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Big tourist plans for historic old coast town

Alicia PereraPilbara News
Historic Cossack, on the Pilbara coast.
Camera IconHistoric Cossack, on the Pilbara coast. Credit: Stephen Scourfield The West Australian

For many years a Pilbara ghost town, Cossack could soon become a thriving tourist destination showcasing life in the early days of the North West under a series of imaginative plans to rejuvenate the area.

Management and promotion of the Cossack historical town site is set to be transferred from the City of Karratha to the Roebourne-based not-for-profit Ngarluma Yindjibarndi Foundation Ltd from July 1 after it was selected as the preferred tenderer at a special council meeting last week, taking over from years of City-contracted caretakers in the role.

NYFL chief executive Bruce Jorgenson said their vision for the historic town included transforming it into a North West tourist attraction, centering on the concept of a Cossack Living Heritage Village which would bring the town to life as it was in the 1880s.

The proposal, for which plans are under way, would include historical re-enactments performed by actors in period costume, overnight stays in the town’s old jail, the introduction of an archaeological dig program and building on-site a replica of an original pearling lugger which once operated in Cossack waters.

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A MAN MENDING A FISH TRAP AT COSSACK.
Camera IconA MAN MENDING A FISH TRAP AT COSSACK.

Other initiatives would include introducing guided tours, basing Clinton Walker’s Ngurrangga Tours business in the town, establishing an artist-in-residence and craft workshops program, and creating a separate Cossack events calendar.

Whim Creek Hotel manager Bob Bongiorno, who has been behind the historic pub’s revitalisation into a Pilbara events destination in the past few years, is expected to take over as the NYFL Cossack site manager.

Mr Jorgenson said Cossack was “probably one of the most important historic towns for the State of WA” as the first port established north of Perth and the organisation was keen to develop its tourism and recreation potential.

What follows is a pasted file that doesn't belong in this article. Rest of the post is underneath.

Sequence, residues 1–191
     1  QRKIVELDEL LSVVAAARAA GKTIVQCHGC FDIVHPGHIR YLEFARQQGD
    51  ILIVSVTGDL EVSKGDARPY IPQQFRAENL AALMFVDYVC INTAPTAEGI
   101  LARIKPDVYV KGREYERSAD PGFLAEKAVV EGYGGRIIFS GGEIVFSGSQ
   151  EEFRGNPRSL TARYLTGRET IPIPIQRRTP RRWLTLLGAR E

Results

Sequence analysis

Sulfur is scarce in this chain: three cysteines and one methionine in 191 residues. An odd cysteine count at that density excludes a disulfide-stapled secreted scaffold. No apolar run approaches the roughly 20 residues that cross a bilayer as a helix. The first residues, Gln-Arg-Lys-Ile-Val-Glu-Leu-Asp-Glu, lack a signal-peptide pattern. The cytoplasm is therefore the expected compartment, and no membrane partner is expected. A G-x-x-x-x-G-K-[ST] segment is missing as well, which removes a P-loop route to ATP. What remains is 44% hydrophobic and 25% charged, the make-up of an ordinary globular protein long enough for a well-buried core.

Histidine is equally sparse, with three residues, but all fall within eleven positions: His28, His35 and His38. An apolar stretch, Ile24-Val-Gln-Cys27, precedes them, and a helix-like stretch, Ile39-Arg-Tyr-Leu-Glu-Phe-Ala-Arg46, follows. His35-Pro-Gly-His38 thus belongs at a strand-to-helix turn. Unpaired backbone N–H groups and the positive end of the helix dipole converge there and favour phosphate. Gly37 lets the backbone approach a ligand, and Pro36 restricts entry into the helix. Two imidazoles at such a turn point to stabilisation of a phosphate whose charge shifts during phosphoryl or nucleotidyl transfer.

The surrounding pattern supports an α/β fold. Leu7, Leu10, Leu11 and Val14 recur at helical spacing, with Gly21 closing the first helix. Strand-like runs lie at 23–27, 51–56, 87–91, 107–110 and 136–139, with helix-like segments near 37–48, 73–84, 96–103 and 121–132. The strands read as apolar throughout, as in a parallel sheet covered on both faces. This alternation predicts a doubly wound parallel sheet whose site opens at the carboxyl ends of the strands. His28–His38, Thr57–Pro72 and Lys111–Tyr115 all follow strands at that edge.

“I think it’s under-utilised for short-stay accommodation and for events, and one of the first things we want to do is start the cafe back up on the weekend,” he said.

“It’s a beautiful place and it should be enjoyed more than it is. At the moment people stop there for about an hour, look around at the old buildings and drive off.”

A PICTURE OF COSSACK JETTY AFTER A SECTION OF IT COLLAPSED DURING A STORM IN FEBRUARY 1925.
Camera IconA PICTURE OF COSSACK JETTY AFTER A SECTION OF IT COLLAPSED DURING A STORM IN FEBRUARY 1925.

The City has received in-principle support for an extension of their Heritage Council WA lease over Cossack, which expires on June 30 this year and is presently in negotiations.

City of Karratha Mayor Peter Long said Cossack was a “much-loved” destination for residents and tourists but needed greater promotion to become the tourist attraction it could be, which was a role NYFL was well-placed to do from its experience managing similar operations including the Whim Creek Hotel.

“While this model is effective at an operational level, the caretaker arrangement does not extend to promotion and marketing or the expansion or development of services in the precinct,” he said.

“Having a dedicated operator in place will ensure the successful caretaking function at Cossack is maintained but will also promote visitor experiences in this historic town.”

Mr Jorgenson said Cossack was a culturally important area for the the Ngarluma and Yindjibarndi people and the anticipated contract would provide more opportunities for the NYFL’s main function of securing sustainable employment for its members.

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